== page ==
On Pakistani Dramas and the Bangladeshi Mind

Pakistani television drama serial “Zindagi Gulzar Hai” became an instant hit amongst South Asian communities in North America. Never before had there been a TV series — South Asian in origin and made outside of India — so hugely popular amongst so many diverse South Asian communities. And yet, watching the serial making a mark on its viewers made me cynical, says one Bangladeshi analyst.

Posted on 08/15/14
By Nadia Chowdhury | Via bdnews24.com
(Image via bdnews24.com)
(Image via bdnews24.com)

Which of my readers have heard of the TV show, “Zindagi Gulzar Hai”?


A hip new serial made in Pakistan in 2012, it became an instant hit amongst overseas South Asian communities, debuting on a well-known channel called Hum TV. Subsequently, it was shown on Zee TV this year in 2014. The tale of a struggling girl called Kashaf and her family after abandonment by their father and her subsequent marriage to the wealthy Zaroon serves as a catalyst-and a backdrop-against dormant economic and social mores of South Asian/Pakistani culture.


What was interesting to note was the universal appeal of the two leading actors, Sanam Saeed and Fawad Afzal Khan — as they played their roles to brilliance. Never before had there been a TV series — South Asian in origin and made outside of India — so hugely popular amongst so many diverse South Asian communities.


And yet, watching the serial making a mark on its viewers made me cynical.


And hopeful all at the same time.


I must admit that I tend to be a bit sceptical when it comes to building cross-cultural alliances amongst fellow South Asians who do not belong to my country or are not Bengali; in other words, those who do not have a shared history with me or my kin.




Then again, I have been rejected many times based on how I look, dress, how rich or wealthy I am at a given moment, how rich or wealth(ier) my contender is, how powerful he or she is, how that person identifies according to their status and wealth to me, how I speak English and with what accent, how they feel cornered or intimidated by my abilities and skills and so forth.


To say that I would not be able to connect to someone just because they do not share the same passport as mine (or I theirs) would therefore be wrong.


Rather, to limit myself in that way would not only be erroneous, but lethal, for I would be depriving myself of new histories, of new shared experiences.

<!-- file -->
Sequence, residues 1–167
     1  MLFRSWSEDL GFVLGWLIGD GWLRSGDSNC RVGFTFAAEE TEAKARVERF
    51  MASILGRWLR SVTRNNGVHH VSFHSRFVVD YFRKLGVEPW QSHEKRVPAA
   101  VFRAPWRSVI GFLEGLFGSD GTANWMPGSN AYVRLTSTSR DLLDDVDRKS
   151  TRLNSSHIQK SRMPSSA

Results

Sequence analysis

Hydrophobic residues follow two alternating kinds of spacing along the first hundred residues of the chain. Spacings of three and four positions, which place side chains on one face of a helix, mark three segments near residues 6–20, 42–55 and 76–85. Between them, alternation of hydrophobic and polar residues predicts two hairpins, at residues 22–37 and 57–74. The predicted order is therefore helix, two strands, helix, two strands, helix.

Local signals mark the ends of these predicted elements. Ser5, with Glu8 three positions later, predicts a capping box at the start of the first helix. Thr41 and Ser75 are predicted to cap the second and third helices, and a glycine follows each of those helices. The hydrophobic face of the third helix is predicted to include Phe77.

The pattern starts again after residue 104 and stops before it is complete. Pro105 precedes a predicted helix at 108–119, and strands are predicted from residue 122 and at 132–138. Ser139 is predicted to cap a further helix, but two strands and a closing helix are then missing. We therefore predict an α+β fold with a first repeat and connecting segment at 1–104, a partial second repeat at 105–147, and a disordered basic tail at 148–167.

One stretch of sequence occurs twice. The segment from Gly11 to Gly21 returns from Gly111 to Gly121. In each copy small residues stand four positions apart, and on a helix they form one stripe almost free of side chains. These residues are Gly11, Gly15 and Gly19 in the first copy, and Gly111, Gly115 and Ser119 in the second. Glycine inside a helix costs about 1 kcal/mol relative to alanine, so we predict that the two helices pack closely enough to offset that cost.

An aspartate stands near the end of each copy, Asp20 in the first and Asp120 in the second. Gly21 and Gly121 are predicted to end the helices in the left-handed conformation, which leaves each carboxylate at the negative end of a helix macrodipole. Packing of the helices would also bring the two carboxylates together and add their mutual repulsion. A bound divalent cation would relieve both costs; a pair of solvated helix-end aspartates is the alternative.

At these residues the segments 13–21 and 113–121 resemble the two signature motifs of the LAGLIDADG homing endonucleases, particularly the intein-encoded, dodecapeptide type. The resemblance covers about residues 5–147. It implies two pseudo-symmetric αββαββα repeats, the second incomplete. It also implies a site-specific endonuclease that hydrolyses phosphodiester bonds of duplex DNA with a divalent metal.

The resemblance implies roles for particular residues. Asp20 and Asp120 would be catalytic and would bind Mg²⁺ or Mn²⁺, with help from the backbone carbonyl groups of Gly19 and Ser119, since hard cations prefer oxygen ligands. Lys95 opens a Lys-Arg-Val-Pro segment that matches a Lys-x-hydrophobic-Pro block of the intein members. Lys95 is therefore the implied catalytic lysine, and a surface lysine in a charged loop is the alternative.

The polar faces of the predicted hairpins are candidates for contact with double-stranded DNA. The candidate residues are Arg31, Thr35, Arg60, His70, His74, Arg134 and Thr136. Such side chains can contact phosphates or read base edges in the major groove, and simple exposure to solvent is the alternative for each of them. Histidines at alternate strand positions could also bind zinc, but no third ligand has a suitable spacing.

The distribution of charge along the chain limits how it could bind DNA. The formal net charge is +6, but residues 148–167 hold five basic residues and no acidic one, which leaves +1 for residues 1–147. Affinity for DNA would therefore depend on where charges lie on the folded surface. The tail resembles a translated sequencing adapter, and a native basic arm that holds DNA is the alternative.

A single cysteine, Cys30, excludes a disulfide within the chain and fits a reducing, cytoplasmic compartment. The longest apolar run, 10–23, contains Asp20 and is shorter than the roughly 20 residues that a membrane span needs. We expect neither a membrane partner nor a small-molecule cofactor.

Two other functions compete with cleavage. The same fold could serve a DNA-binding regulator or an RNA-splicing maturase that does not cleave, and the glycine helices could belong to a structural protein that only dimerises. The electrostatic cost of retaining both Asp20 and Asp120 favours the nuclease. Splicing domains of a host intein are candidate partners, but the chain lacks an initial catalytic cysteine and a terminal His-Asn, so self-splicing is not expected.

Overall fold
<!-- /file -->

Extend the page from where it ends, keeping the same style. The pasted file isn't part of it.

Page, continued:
With that said, it would be interesting to see what kind of an impact Pakistani dramas make on the South Asian subcontinent in the years to come.



India at the moment, dominates cultural capital in South Asia as we speak.


With the advent of Pakistani serials such as Zindagi Gulzar Hai and Humsafar, will South Asian culture become not only more fluid and neo-liberal, but more of a mix of Urdu and Hindi as the dominant markers of identity?


Bangladeshi serials have not been able to make the same kind of impact on the global South Asian cultural fabric. Unlike Pakistani and Indian serials, we as Bangladeshis do not see our country and our lives represented as a model for other South Asian communities to emulate, perhaps because of the fact that our country is still known as an “under-developed, poor” country.


Despite the years of war and subjugation that we had to face at the hands of our South Asian neighbours of which reparations we will never receive…


We still have not made it.


It feels like crude justice here, that our country became the scapegoat for other countries who should have seen us as one and part of one unified identity.


And yet, they are the ones who win, and win again.


What was our fault, exactly? What did we do wrong to deserve such a punishment?


I guess we will never know.


But with India becoming stronger and more powerful each and every day, will there remain any distinct identity in the years in South Asia to come other than Indian and Hindustani, with the occasional blips of divergence which will be seen only in media?


It will be interesting, the years in the future for us to see.


Keeping our fingers crossed.


Nadia Chowdhury, an aspiring writer, is a graduate from York University, Canada. This article was first published in bdnews24.com, a leading news portal of Bangladesh.

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